Crop diversification and livelihoods of smallholder farmers in Zimbabwe: Adaptive management for environmental change
|dc.identifier.citation||Makate, C. and Wang, R. and Makate, M. and Mango, N. 2016. Crop diversification and livelihoods of smallholder farmers in Zimbabwe: Adaptive management for environmental change. Springer Plus. 5: 1135.|
© 2016 The Author(s). This paper demonstrates how crop diversification impacts on two outcomes of climate smart agriculture; increased productivity (legume and cereal crop productivity) and enhanced resilience (household income, food security, and nutrition) in rural Zimbabwe. Using data from over 500 smallholder farmers, we jointly estimate crop diversification and each of the outcome variables within a conditional (recursive) mixed process framework that corrects for selectivity bias arising due to the voluntary nature of crop diversification. We find that crop diversification depends on the land size, farming experience, asset wealth, location, access to agricultural extension services, information on output prices, low transportation costs and general information access. Our results also indicate that an increase in the rate of adoption improves crop productivity, income, food security and nutrition at household level. Overall, our results are indicative of the importance of crop diversification as a viable climate smart agriculture practice that significantly enhances crop productivity and consequently resilience in rural smallholder farming systems. We, therefore, recommend wider adoption of diversified cropping systems notably those currently less diversified for greater adaptation to the ever-changing climate.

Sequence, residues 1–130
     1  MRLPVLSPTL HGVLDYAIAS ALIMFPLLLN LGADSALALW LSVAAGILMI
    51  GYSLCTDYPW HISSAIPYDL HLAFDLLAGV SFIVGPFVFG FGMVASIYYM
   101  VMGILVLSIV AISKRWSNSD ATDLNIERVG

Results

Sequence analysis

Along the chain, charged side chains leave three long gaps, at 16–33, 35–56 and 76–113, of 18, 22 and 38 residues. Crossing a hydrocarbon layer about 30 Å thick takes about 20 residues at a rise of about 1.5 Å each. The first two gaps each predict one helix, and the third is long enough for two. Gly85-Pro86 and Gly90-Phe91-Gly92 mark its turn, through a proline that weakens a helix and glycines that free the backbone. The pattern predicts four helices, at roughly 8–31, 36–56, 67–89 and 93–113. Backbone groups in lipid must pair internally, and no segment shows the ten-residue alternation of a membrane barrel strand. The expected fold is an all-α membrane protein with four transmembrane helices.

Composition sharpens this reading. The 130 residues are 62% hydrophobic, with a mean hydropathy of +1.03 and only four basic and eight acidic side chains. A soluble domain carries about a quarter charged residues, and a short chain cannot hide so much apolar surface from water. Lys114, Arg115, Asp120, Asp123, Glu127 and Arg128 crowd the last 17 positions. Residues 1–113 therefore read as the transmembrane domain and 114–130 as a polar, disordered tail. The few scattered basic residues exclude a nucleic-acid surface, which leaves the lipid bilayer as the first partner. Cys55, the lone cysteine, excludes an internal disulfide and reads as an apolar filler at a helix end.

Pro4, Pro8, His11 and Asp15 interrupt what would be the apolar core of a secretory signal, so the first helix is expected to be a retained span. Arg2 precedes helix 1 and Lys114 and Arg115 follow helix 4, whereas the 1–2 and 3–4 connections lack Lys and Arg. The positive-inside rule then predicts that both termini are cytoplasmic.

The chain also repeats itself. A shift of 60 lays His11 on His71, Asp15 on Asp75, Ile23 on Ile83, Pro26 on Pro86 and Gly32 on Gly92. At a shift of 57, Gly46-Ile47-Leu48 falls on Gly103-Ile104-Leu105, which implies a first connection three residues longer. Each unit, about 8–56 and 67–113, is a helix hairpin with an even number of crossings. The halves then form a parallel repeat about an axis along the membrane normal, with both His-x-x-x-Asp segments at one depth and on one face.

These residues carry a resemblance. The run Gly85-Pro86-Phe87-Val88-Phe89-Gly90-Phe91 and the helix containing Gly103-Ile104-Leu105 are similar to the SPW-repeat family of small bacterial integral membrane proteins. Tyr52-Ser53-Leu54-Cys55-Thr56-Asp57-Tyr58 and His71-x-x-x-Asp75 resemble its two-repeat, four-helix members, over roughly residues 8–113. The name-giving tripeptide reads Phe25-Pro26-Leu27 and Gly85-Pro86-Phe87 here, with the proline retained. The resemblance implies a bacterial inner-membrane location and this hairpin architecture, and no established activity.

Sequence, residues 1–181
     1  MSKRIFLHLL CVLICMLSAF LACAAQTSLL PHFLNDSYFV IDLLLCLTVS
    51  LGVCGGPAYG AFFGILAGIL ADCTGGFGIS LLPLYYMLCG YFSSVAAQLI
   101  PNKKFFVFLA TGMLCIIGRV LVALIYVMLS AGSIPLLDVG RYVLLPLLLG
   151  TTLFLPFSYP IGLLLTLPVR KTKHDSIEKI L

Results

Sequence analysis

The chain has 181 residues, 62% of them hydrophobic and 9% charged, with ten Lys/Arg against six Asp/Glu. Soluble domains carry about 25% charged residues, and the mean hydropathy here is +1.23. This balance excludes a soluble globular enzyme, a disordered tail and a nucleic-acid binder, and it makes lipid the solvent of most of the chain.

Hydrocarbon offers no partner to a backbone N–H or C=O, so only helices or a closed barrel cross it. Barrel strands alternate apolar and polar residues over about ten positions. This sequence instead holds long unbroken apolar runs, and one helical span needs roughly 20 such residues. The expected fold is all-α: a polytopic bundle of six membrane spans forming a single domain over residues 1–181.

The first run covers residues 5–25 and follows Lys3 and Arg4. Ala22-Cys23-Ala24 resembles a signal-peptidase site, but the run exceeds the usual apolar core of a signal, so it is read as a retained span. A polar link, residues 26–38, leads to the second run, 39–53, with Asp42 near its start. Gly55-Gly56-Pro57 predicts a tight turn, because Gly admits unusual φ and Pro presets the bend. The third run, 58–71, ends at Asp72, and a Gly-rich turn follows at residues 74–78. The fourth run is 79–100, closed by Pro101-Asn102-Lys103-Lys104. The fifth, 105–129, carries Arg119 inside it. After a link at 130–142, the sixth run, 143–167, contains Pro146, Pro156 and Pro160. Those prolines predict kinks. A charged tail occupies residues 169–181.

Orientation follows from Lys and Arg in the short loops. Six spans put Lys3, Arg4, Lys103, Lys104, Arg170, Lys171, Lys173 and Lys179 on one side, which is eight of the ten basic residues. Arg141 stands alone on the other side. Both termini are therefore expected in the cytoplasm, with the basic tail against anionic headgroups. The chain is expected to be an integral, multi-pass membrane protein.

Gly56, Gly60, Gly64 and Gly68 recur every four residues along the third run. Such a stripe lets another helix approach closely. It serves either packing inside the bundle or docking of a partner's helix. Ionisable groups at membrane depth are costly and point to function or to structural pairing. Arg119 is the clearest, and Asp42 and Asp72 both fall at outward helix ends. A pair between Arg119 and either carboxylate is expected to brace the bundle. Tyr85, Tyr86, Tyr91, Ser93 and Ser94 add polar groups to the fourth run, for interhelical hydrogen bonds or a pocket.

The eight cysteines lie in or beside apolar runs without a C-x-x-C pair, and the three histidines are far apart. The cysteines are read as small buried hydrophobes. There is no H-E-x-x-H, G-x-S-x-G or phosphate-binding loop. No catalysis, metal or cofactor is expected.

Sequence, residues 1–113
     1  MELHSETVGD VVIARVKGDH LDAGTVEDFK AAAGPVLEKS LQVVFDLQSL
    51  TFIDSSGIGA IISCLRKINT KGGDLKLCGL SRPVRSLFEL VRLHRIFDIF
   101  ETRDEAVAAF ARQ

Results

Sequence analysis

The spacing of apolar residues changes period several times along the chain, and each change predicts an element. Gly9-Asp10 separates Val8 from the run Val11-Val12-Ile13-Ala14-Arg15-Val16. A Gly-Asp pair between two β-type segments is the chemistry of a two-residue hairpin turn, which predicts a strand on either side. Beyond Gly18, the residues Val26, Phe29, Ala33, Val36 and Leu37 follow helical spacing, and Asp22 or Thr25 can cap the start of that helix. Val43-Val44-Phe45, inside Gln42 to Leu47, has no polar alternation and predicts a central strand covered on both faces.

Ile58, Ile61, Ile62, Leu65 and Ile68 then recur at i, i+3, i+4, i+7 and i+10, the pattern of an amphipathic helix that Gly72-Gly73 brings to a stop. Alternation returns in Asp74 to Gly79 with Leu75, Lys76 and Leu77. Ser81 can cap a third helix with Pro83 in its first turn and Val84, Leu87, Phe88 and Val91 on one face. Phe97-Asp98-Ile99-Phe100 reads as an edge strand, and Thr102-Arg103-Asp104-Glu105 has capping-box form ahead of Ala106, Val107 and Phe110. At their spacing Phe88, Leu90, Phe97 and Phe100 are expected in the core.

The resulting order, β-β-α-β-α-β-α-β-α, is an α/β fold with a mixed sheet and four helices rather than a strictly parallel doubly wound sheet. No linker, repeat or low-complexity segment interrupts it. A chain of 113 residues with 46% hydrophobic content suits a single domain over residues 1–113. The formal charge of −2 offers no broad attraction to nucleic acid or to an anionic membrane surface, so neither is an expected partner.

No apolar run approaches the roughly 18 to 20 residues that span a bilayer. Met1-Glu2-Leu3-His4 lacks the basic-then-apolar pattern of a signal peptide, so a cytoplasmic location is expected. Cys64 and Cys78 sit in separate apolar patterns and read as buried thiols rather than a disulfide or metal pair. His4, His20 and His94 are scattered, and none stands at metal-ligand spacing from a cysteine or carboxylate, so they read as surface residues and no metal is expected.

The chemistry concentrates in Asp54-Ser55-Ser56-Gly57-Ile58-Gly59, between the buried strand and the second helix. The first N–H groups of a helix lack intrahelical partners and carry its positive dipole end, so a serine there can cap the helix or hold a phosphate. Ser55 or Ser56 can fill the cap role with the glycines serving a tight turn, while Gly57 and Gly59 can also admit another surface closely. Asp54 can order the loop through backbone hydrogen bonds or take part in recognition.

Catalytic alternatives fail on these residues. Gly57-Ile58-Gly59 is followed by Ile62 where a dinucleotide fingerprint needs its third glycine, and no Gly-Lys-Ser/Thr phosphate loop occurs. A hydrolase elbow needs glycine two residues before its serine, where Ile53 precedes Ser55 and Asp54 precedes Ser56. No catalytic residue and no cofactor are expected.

|dc.title||Crop diversification and livelihoods of smallholder farmers in Zimbabwe: Adaptive management for environmental change|
|curtin.department||School of Public Health|